The growth of cashless payments, and in particular their increasing adoption via smartphones, could generate an additional $10 trillion (£7.57 trillion) in consumer spending over the next decade.
That figure comes from The Demand Institute, a non-profit think-tank operated by Nielsen and The Conference Board, which projects that 1.2bn more people will gain internet access by 2020, largely via smartphones.
This growth in potential digital consumers, together with the increase in smartphone penetration and new digital payment systems, will enable 2bn 'unbanked' consumers to access the connected economy and basic financial services for the first time.
"What happens when a consumer accesses the internet is similar to what happens when a baby starts to walk – a whole world of exploration opens up including new shopping patterns," said Louise Keely, president of The Demand Institute.
"However, alongside the long-underserved developing economies, the proliferation of cashless payment services will also benefit those in advanced markets as new competitors and business models dive in to meet the needs of every imaginable consumer use-case."
The report identifies big retail bank and credit card companies, retailers with their own payment systems, and disruptors such as mobile-first banking services as the three key drivers in this growth.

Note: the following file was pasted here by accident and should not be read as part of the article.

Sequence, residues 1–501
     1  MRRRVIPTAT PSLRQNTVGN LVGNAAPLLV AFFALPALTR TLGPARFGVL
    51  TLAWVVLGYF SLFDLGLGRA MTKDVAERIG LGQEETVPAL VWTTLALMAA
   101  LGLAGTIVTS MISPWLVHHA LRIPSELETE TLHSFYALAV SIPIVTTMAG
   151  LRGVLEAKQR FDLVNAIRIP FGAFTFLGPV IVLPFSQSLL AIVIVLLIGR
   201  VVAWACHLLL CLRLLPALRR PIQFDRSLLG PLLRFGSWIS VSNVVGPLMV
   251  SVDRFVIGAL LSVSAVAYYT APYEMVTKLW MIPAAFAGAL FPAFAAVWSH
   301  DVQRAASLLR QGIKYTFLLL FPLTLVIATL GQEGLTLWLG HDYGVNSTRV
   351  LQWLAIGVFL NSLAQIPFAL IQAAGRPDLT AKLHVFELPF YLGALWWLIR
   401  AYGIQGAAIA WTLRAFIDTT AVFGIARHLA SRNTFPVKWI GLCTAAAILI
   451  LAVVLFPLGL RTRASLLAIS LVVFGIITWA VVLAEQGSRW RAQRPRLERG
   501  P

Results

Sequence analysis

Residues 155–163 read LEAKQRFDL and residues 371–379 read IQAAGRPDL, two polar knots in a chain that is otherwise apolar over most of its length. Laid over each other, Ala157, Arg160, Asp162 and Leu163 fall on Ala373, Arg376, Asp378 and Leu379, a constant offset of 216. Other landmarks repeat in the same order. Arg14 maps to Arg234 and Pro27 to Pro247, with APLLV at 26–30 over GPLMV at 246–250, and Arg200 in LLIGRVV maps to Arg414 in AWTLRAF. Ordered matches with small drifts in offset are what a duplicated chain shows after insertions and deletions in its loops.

“Across the planet, traditional banks and credit card networks will compete directly with retailers, telecom providers, tech giants, social-media upstarts, and scores of regional, often government-backed initiatives,” said Keely, “However, whichever segment prevails, and it’s too early to say, the payments industry will change in three fundamental ways.”
Also among the findings in the report was the fact that the growth of cashless payments will boost financial security as we reach a tipping point in emerging and middle-income economies, and the growth of payment systems in social networks will push towards a total convergence of the consumer experience into a single, seamless platform.